Will inflation soar when QE is withdrawn?

December 15, 2009

MarkBolsom - Mark Bolsom is Head of the UK Trading desk at Travelex, the world’s largest non-bank foreign exchange and international payments provider. The opinions expressed are his own. -

The rise in November’s CPI figure was larger than expected, but not a total surprise and markets have largely ignored the data.

In the Bank of England’s quarterly inflation report, published last month, Mervyn King reiterated his belief that short-term inflation looked set to rise quite sharply, in line with higher oil and petrol prices. There is little doubt as well that Sterling’s relative decline against a basket of other currencies has also contributed to inflationary pressure. This is particularly significant for the UK, as Britain remains a net importer of goods, and thus far there has been no sign of a reduction in the trade deficit. In fact the trade deficit actually widened to 3.2 billion pounds  in October from 3.1 billion pounds in September 2009.

In the short-term, we expect inflation to carry on rising, as the reversal in VAT, scheduled for January (currently at 15 percent, set to revert back to 17.5 percent), will add to inflationary pressures. As the pace of the global recovery picks up, we also expect the cost of raw materials to increase, further adding to upwards price pressure and quite possibly pushing inflation to 3 percent by the end of the first quarter in 2010.

Nevertheless, even with the pick up in underlying inflation, the higher CPI number is unlikely to significantly impact the Bank of England’s monetary policy. Mervyn King has stated that he will be focussing on the medium term outlook, preferring to concentrate on spending relative to the spare capacity in the UK economy. Given this outlook, and the probability that wage inflation is also likely to remain subdued, we expect the Central Bank to persist with a policy of low interest rates. We expect rates to stay on hold at 0.5 percent until 2011.

However, only when the MPC start to withdraw their quantitative easing programme will we get a true indication of the currently bolstered CPI figure. Thus, the real question is what will happen to inflation rates when the MPC start to withdraw economic stimulus?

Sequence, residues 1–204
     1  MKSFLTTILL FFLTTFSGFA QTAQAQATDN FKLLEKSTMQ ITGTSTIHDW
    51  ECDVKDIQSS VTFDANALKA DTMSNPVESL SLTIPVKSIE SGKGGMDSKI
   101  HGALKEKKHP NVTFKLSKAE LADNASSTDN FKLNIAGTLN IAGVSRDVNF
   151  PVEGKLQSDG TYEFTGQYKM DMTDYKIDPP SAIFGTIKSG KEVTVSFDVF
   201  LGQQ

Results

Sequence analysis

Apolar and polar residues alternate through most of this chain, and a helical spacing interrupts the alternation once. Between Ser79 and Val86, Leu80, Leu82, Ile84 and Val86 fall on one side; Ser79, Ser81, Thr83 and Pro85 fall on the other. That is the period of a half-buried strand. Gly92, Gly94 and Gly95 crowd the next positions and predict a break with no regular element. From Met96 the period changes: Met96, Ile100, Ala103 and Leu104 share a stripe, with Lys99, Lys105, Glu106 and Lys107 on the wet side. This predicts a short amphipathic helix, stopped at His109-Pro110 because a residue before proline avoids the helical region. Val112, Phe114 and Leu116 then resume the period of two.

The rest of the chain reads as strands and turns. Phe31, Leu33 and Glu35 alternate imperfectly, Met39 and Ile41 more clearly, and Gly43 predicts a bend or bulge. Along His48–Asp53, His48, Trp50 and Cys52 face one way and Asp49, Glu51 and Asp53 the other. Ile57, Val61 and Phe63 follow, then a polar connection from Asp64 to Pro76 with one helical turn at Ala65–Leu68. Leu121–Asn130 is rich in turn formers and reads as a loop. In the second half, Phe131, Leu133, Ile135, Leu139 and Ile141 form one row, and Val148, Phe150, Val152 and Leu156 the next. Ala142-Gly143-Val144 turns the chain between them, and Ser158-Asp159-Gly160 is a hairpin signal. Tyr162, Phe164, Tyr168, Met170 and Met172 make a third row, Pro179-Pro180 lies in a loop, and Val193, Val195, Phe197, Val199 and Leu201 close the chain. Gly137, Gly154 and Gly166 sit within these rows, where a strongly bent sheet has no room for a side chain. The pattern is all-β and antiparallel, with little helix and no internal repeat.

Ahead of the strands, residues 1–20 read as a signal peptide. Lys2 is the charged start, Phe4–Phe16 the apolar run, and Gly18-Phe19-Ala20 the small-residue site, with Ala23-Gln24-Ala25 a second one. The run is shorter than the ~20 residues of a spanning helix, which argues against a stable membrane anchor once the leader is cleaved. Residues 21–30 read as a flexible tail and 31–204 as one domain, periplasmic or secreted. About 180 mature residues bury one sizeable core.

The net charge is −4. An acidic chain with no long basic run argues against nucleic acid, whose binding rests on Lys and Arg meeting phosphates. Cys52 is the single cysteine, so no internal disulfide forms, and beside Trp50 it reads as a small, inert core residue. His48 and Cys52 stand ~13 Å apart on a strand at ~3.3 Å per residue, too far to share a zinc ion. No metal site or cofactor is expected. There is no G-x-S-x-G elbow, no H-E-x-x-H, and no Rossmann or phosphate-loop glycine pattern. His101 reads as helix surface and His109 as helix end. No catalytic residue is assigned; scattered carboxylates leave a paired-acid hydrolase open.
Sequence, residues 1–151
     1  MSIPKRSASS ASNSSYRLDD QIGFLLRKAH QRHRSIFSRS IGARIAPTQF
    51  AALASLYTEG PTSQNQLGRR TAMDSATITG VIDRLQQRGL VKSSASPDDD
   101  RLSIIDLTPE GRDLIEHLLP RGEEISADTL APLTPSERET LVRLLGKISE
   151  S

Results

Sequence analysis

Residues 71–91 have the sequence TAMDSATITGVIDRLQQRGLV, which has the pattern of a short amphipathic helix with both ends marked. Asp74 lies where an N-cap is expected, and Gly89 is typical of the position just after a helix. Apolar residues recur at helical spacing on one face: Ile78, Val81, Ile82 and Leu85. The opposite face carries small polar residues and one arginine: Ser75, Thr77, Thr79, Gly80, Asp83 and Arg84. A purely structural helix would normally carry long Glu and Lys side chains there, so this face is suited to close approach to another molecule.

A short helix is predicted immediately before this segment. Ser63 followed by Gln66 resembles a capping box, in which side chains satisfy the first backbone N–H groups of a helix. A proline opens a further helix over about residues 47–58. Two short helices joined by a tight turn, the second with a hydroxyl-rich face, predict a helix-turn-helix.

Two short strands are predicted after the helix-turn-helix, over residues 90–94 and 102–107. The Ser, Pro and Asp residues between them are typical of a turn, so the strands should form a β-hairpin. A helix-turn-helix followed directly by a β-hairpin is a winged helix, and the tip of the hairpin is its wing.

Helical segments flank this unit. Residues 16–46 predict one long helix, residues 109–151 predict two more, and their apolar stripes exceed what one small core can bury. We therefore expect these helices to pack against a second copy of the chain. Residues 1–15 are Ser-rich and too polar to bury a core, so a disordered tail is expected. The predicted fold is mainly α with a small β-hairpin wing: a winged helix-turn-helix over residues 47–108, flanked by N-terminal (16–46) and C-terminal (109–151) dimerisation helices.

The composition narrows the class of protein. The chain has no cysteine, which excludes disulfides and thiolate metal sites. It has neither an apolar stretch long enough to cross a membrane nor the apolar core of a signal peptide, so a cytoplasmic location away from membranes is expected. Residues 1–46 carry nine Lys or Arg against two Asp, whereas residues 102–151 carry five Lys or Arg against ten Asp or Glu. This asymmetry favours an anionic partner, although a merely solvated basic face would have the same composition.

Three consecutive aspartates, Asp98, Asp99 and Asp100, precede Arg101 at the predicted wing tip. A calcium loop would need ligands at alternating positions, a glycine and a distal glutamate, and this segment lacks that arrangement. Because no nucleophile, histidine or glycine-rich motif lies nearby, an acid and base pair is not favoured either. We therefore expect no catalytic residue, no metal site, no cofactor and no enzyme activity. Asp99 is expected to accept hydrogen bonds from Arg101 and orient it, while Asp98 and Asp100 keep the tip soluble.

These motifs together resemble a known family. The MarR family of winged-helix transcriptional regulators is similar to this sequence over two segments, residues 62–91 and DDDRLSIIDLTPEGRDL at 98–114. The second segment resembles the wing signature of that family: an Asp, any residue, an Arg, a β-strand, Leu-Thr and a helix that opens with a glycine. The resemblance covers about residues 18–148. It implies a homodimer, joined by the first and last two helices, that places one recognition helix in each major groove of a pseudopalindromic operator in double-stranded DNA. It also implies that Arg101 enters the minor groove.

Comments

It won’t make any difference, inflation is coming regardless of when QE ends, you can’t put the genie back in the bottle. Buy hard assets and snorkels and hold on to your hats, the tidal wave draws nearer.

Posted by Steve | Report as abusive
 

I think inflation will start to surge well beyond the BoE target of 2% in 2010 and not come down as the BoE conveniently predicts. The BoE has completely abandanoned its duty to fight inflation and seems to be totally focussed on creating growth even if it is inflationary growth.

The impact of QE has already been seen on asset prices which have all risen rapidly off their lows. Money pours into the most liquid and accessible markets first so unsurprisingly stocks have risen on the back of QE and the general monetary largesse by central banks. We already have an asset bubble re-energing.

Consumer price rises will surely follow in 2010. The situation will be exacerbated by increasing evidence of a lack of political will to grasp the magnitude of action needed to remedy the UK’s budget position. Without a fiscal tightening and exceptionally loose monetary policy gilt investors will head for the exit forcing a painful series of adjustments to the economy.

The real test will come when gilts start to rise and sterling decline rapidly sometime in 2010. The market will anticipate a surge in consumer price inflation well before it appears in the headline figure, only then will the full distortion caused by QE become apparent. Importers will start to raise prices, savers will start to panic as the value their sterling holdings erodes in value. Wage earners will demand higher pay rises so the inflationary super-cycle will begin.

QE and near zero interest rates threaten to make the UK a banana republic but the same economists who utterly failed to predict the credit crunch now mistakenly argue this is the only way out.

 
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